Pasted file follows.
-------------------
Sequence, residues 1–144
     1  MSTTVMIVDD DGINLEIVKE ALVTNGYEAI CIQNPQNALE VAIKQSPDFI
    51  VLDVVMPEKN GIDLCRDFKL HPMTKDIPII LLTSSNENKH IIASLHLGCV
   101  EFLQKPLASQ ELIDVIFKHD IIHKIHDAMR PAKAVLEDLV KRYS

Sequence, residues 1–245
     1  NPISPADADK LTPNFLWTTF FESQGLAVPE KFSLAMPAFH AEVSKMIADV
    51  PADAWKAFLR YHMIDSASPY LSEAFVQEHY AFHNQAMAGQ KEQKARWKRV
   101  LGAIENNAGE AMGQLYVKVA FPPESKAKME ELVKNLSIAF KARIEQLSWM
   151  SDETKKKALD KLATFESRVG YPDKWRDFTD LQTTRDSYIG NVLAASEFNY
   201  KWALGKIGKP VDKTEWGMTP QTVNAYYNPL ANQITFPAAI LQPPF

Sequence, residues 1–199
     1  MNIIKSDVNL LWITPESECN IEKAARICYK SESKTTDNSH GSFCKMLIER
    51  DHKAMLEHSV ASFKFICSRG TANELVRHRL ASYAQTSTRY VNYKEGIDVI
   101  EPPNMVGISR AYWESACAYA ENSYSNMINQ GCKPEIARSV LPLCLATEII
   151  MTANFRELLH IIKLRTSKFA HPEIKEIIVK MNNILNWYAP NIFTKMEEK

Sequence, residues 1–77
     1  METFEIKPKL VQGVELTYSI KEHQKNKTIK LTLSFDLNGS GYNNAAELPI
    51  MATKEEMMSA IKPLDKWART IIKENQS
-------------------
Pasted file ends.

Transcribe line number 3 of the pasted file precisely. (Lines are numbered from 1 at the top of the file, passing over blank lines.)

    51  VLDVVMPEKN GIDLCRDFKL HPMTKDIPII LLTSSNENKH IIASLHLGCV